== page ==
Railway strike on vacation in Turkey, the UK Trade Union Leaders

Railway Trade Union Leaders Strike in Turkey on vacation in Britain: the longest in the UK in the last 50 years, while rail strike, union leaders has led to criticism in the press Island to holiday in Turkey.
British newspaper the Daily Mail, the news on the subject, "People jobs due to go to war, while the railway strike, the union leaders were tanned and relaxed upload photos to Facebook in Turkey." used the title.
The newspaper said, "When thousands of passengers were devastated by the strike, the bosses of the railway union publishing the frames they took while enjoying the holiday drew great reaction." used the expression.
Sean Hoyle, president of the Union of Railroad, Seaway and Transport, and Steve Hedley, deputy secretary-general, shared the squares on social media on Monday, when the week-end strike struck Friday.
The Daily Mail stated that Hoyle and Hedley were on vacation in Didim.
Speaking to The Sun, former minister Eric Pickles sharply criticized the two trade union leaders for not showing solidarity with the strike workers.
Pickles said it was unfair for the "rich union barons" to enjoy while the passengers suffer.
The Sun reported that 47-year-old Hedley earned an annual income of 76 pounds (613 thousand TL). The newspaper stated that 295-year-old Hoyle earned 51 thousand 47 pounds (483 thousand TL).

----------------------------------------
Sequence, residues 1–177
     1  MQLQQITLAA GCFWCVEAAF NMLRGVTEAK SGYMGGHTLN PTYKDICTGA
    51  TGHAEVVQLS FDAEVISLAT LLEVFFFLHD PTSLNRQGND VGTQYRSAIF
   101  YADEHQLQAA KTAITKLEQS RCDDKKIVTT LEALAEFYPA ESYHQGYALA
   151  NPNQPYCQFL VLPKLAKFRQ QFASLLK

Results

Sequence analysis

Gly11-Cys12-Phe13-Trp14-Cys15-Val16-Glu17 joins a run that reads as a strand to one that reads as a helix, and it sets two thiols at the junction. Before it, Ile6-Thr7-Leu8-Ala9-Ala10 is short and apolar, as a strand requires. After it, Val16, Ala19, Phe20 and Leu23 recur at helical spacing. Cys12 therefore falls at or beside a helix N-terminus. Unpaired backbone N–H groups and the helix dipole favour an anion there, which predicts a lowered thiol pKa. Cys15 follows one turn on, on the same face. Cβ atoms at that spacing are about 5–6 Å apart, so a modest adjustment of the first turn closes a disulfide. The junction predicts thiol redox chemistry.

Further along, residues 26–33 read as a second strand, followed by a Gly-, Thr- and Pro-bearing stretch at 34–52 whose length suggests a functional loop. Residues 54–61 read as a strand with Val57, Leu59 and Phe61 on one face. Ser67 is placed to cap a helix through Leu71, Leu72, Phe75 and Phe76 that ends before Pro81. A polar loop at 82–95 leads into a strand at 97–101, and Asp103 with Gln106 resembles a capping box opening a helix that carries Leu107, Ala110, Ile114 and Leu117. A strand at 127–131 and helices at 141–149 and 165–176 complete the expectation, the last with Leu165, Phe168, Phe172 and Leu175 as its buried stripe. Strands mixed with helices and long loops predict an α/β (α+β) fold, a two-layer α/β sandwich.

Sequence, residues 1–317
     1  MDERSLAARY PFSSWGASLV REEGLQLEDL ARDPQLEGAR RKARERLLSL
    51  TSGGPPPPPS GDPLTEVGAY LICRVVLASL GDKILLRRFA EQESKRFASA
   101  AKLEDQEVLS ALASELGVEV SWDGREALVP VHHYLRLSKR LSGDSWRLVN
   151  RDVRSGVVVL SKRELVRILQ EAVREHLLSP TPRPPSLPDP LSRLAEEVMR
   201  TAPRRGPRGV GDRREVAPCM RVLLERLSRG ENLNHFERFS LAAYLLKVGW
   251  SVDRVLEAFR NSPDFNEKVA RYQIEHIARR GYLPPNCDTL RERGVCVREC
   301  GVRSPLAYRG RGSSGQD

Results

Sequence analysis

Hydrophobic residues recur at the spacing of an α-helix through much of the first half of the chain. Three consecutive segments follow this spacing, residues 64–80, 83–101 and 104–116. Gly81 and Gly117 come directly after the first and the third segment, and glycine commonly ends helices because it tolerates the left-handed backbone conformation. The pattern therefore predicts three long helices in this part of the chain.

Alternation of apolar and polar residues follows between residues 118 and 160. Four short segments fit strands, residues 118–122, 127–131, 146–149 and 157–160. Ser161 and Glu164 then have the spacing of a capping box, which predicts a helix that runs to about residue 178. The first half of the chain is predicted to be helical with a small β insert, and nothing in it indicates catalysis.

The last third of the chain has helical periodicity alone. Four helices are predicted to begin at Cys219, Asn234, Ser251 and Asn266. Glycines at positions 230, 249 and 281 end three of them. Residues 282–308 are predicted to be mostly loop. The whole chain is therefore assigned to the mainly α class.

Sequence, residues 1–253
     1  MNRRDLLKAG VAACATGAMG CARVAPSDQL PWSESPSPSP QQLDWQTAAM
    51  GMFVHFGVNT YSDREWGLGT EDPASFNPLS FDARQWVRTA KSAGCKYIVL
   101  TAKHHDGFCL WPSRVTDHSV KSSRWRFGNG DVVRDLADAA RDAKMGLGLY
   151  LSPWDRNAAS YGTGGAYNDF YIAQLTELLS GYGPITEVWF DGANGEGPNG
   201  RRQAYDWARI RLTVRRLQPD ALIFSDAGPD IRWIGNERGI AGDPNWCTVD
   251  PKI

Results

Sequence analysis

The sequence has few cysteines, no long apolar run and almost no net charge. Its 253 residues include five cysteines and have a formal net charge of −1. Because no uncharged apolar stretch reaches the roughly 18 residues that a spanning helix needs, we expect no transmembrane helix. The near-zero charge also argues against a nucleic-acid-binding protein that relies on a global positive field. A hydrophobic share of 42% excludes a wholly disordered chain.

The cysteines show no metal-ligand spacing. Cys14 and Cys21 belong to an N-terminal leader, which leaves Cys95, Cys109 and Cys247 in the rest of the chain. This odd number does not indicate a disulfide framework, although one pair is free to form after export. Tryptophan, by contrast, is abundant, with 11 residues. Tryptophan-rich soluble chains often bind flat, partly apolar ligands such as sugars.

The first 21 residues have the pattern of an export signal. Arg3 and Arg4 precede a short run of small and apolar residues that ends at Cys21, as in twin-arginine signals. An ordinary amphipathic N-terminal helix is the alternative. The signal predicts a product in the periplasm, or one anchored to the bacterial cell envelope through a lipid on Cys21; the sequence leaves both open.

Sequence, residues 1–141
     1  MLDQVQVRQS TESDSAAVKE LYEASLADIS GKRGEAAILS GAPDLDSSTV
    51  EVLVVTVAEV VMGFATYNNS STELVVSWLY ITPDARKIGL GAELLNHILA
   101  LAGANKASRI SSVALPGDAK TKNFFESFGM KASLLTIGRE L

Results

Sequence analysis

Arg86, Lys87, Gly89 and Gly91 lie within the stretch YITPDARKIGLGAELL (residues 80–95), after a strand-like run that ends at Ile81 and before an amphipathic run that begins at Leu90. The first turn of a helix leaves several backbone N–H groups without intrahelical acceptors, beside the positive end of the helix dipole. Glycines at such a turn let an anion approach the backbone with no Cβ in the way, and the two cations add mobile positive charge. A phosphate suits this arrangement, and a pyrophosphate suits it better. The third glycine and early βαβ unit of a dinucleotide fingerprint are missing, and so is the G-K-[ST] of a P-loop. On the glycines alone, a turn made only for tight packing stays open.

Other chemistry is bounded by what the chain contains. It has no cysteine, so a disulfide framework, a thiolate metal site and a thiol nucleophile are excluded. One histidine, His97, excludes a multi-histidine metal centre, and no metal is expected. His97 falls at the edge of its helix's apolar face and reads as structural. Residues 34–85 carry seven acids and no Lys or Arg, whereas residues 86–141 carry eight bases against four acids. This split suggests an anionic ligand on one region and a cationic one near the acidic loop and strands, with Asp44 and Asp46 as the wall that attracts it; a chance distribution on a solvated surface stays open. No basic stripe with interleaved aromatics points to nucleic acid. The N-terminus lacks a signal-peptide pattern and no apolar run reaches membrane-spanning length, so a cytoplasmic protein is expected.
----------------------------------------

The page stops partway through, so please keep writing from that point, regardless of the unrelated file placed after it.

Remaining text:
The strike, which British Prime Minister Theresa May strongly condemned, will end at 23.59 local time on Friday night. The longest rail strike in Britain was in 1968.
Employees of the Southern railway company, which runs trains between the southern cities of England and the capital London, went on a five-day strike to protest the new plans that will cause the dismissal of the platform officials.
Due to the strike, there are disruptions in transportation from the cities in the south of the country and Gatwick Airport in the south of London to London.
In the statement made by the Southern company regarding the strike, it was stated that efforts were made to minimize the impact of the strike to the passengers, and it was announced that 60 percent of scheduled flights would serve during the five-day work stoppage and that there would be no train service on some lines.
Southern employees oppose the plans of the train gates to be operated by the conductors using the camera system, arguing that the number of platform employees who control the opening and closing of the train doors in the current state will be reduced in the framework of the new implementation.
The organizer of the strike, Secretary General of the RMT Mick Cash, said in a statement about the developments that they want to draw attention to security concerns by means of strike decision, and that their priorities are more than railway security.



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